So, what do we do to optimize Hive’s query performance?
Well, there are many things that can be done and one of the first things regarding performance enhancement that we can do is to partition the data in a directory structure.
For example, we can partition the data by year, month, and days for log data. We can also split data by region and countries in case of geographic data and so on. It enables Hive to only query and read requested partition of the data instead of scanning the whole set each time. In addition, Hive also comes with a wide variety of compression algorithms such as Gzip, Bzip, LZO, or Snappy.
Not all compression algorithms are suitable in every situation, based on your Hadoop infrastructure and data, you can choose one of the compression techniques that best suits your needs. Experience has shown that compression significantly helps improve query performance.
Optimizing Performance By Changing Storage File Format
By default, Hadoop saves its data internally in flat sequence files, which is a binary storage format for key value pairs. Sequence files can be compressed on value, or block level, to improve IO.
Unfortunately, sequence files are not an optimal solution for Hive as it needs to scan a whole row if it’s looking for a value because of the nature of this storage format.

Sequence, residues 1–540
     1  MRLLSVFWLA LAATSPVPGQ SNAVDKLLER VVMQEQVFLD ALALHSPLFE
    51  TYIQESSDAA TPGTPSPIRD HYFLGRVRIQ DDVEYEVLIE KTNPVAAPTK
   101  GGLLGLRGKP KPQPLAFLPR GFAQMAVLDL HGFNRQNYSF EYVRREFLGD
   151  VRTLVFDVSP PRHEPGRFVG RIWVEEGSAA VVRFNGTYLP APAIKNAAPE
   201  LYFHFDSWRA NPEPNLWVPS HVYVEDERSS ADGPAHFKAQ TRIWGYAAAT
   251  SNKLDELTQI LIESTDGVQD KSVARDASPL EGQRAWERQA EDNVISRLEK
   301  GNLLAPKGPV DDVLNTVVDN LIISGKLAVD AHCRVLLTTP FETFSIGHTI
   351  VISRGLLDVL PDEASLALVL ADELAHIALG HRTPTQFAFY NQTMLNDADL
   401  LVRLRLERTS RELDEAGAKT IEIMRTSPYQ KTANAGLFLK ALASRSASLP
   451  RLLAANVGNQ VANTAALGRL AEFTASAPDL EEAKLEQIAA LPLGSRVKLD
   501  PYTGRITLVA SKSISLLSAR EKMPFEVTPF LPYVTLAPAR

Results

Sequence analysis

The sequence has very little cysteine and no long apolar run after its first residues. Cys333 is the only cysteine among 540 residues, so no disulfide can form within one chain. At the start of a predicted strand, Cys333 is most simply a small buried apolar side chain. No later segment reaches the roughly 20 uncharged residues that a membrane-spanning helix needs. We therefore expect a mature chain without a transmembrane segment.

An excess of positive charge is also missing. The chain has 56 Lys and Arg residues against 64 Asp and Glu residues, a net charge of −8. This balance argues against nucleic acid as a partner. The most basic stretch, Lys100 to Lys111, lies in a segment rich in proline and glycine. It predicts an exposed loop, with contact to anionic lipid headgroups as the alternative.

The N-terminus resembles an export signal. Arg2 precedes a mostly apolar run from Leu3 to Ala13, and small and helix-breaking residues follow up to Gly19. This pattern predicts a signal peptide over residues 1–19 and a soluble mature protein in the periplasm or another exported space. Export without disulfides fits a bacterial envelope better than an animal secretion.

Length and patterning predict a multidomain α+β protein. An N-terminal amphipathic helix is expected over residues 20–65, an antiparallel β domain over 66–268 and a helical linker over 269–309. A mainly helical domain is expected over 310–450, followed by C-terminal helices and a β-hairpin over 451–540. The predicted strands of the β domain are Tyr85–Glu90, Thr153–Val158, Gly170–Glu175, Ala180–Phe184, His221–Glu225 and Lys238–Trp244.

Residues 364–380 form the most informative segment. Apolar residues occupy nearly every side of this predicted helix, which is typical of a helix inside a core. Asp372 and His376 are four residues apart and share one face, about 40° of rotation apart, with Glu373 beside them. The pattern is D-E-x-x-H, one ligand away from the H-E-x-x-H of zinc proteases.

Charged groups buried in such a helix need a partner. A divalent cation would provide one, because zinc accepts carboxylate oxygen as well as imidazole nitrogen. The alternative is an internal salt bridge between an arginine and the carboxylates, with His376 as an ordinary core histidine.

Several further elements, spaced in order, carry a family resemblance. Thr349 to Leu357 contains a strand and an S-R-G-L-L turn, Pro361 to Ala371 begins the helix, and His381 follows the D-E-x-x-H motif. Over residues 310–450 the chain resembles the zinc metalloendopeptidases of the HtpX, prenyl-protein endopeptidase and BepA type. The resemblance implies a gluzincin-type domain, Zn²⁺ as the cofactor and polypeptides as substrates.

So, here are a couple of optimal file format solutions to help you dramatically improve performance of your Hive queries:
1. RCFile Data Storage Format
The RCFile (Record Columnar File) is a data storage format, co-developed by Facebook, which combines multiple functions such as data storage formatting, data compression, and data access optimization to meet all the four data storage requirements: fast data loading, faster query processing and highly dynamic data access patterns.
The RCFile forma is capable of partitioning data in both directions – horizontally and vertically. This allows data to be stored in a columnar format instead of rows. That means, instead of storing row one then row two, stores column one across all rows then column two across all rows and so on. On top of that, since rows are broken into multiple partitions across multiple blocks, Hadoop’s parallelism does rest of the magic.